More than a third of the Iranian parliament handed in resignations on Sunday to protest the decision by hard-liners to disqualify hundreds of would-be legislators in upcoming elections.
A letter of resignation was submitted to parliamentary speaker Mahdi Karroubi by reformists who said they could not go ahead with the Feb. 20 elections. It was initially signed by 109 liberal legislators, but later grew to 117 members.
Karroubi said each resignation will be discussed and put to vote in future sessions of the parliament, but he did not say how long that process will take. He insisted that the final decision on the resignations rests with parliament.
Among those who resigned were 80 sitting lawmakers disqualified from running as well as others who had been reinstated.
In a letter read aloud in the 290-seat Majlis, or parliament, liberal lawmaker Rajab Ali Mazrouie said that the result of elections held under restrictions imposed by the hard-line Guardian Council would be a foregone conclusion.
"An election whose result is clear beforehand is a treason to the rights and ideals of the nation," the lawmaker told some 200 legislators attending Sunday's session.
He said such elections would be "illegitimate and unacceptable to the nation."
After the letter was read out, all the resigning lawmakers stood and gathered in the center of the chamber in a show of solidarity.
Emergency meeting called off
The resignations came a day after the pro-reform President Mohammad Khatami, suffering severe back pain, called off an emergency Cabinet meeting that was to deal with the confrontation between reform-minded legislators and the hard-liners of the powerful Guardian Council.
Karroubi said that he and Khatami had began "new efforts" to resolve the crisis, and that they had been holding discussions with Ayatollah Ali Khamenei, who hand-picks most of the clerics on the Guardian Council, and can overrule its decisions.
A dejected Karroubi appealed to Khamenei to resolve the crisis, and accused the Guardian Council of "disrespecting democratic values and having no faith in a popular vote."
In stinging comments directed at the council, Karroubi questioned their loyalty to Islam.
"Are you loyal to Islam if you daily pray, but then trample on the rights of the people," Karroubi, a cleric, said to widespread applause by lawmakers.
Among those attending the session was vice president Mohammad Ali Abtahi, who appeared shocked and was clearly worried. He did not talk to reporters.
Mohsen Mirdamadi, another pro-reform lawmaker who was among the 114 who resigned and was earlier rejected by the Guardian Council, said that the lawmakers would not compromise their democratic beliefs.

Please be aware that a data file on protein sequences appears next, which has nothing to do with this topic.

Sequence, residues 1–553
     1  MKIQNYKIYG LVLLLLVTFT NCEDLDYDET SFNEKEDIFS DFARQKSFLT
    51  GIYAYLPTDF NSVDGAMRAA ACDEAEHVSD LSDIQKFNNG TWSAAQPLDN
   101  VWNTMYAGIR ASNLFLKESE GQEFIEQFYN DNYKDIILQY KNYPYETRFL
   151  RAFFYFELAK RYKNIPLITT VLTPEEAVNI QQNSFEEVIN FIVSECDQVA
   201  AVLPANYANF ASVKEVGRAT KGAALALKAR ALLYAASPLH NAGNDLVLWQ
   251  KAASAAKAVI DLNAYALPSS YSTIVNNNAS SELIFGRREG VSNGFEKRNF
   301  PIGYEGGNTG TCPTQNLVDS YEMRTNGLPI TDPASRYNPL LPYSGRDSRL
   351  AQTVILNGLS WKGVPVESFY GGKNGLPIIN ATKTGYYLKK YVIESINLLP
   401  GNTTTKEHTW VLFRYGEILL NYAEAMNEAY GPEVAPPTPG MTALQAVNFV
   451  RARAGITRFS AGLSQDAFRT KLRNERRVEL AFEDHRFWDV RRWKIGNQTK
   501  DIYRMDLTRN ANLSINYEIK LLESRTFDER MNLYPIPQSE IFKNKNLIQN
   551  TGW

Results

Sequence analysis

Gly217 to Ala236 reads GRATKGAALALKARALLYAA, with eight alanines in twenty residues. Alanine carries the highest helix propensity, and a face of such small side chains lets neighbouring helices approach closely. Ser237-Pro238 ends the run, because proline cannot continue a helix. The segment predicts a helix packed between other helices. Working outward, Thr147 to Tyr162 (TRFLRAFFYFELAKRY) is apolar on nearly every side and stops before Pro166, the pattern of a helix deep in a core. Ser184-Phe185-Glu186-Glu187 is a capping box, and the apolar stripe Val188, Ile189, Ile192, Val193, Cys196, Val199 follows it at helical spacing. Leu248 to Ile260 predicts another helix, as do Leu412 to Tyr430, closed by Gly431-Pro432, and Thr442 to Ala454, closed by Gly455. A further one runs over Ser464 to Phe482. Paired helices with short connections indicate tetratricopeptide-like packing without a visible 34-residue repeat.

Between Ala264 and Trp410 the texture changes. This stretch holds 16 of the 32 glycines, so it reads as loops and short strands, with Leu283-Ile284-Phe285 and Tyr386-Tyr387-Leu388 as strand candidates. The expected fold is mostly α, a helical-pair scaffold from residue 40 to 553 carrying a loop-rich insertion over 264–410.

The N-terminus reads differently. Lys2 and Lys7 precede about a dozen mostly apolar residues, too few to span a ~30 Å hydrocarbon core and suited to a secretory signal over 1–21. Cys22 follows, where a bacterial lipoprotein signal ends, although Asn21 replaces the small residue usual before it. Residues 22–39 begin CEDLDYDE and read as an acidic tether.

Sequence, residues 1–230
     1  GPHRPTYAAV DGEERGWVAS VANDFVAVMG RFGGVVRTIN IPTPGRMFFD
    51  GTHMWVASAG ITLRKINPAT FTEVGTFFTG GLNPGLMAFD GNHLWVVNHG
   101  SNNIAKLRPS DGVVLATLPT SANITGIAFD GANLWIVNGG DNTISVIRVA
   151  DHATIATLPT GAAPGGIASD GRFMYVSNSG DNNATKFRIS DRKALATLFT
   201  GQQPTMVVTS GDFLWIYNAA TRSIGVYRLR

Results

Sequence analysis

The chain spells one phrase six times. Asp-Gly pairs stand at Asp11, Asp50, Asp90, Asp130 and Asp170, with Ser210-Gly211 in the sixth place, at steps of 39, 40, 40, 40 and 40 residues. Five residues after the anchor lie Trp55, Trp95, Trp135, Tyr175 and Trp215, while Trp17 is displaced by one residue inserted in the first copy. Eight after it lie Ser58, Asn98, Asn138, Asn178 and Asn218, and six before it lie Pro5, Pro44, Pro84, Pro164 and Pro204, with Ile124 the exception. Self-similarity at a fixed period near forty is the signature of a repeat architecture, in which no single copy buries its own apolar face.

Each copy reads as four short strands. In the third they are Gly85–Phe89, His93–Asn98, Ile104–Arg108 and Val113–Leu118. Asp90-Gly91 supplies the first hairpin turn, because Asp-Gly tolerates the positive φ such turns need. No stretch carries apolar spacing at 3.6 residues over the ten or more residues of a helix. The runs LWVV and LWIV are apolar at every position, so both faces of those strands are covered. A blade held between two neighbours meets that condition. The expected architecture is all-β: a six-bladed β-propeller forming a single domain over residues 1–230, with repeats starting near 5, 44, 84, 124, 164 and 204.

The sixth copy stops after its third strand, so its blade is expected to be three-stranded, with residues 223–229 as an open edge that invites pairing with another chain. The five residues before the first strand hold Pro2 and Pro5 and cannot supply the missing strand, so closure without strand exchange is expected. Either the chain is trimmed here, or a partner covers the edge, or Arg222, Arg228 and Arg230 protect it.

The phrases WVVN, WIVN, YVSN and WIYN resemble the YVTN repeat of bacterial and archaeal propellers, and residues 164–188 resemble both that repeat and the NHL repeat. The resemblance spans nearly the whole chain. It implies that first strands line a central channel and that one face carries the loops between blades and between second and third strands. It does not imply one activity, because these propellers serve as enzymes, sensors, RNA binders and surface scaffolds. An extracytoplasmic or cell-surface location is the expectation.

"We will not compromise on the most basic rights of the nation, that is, the right to freely choose and be chosen," said Mirdamadi.
'No hope for a solution'
Mohammad Reza Khatami, President Khatami's brother, accused the Guardian Council of killing off Iran's reform movement.
"The Guardian council has killed all opportunities. There is no hope for a solution. We will not participate in this sham election. Even if all those disqualified are reinstated today, there will be no time for competition. Elections on February 20th are illegitimate and under the present structure of the ruling establishment, this is the end of the reform movement," he said.
He said that if hard-liners unilaterally hold the elections, "it will be a full-fledged coup with the help of military forces, and a confirmation that it's illegitimate."
On Saturday, Khatami had suggested his government would call off the vote, which he called undemocratic because hard-line Islamic clerics have disqualified more than 2,400 liberal candidates.
"My government will only hold competitive and free elections ... the parliament must represent the views of the majority and include all (political) tendencies," Khatami said, according to the official Islamic Republic News Agency.
Hours later, doctors confined Khatami to his home for treatment of what a senior presidential aide told The Associated Press was a longtime back problem exacerbated by stress.
The resignations came as Iran kicked off 10 days of celebrations to mark the triumph of its 1979 Islamic revolution that deposed Shah Mohammed Reza Pahlavi and brought a clerical government to power.
The furor over the vote -- Iran's biggest political crisis in years -- started when the 12 clerics of the non-democratic Guardian Council disqualified more than 3,600 of the 8,200 people who filed papers to stand for election.
After reformists' complaints, the council relented and announced the restoration of 1,160 lower-profile candidates late Friday, the deadline for appeals or other changes to the ballot. But the 2,400 prominent reformist politicians and party leaders are still disqualified.
The Guardian Council claimed the barred candidates lacked the criteria to stand for office, even though 80 were already members of parliament.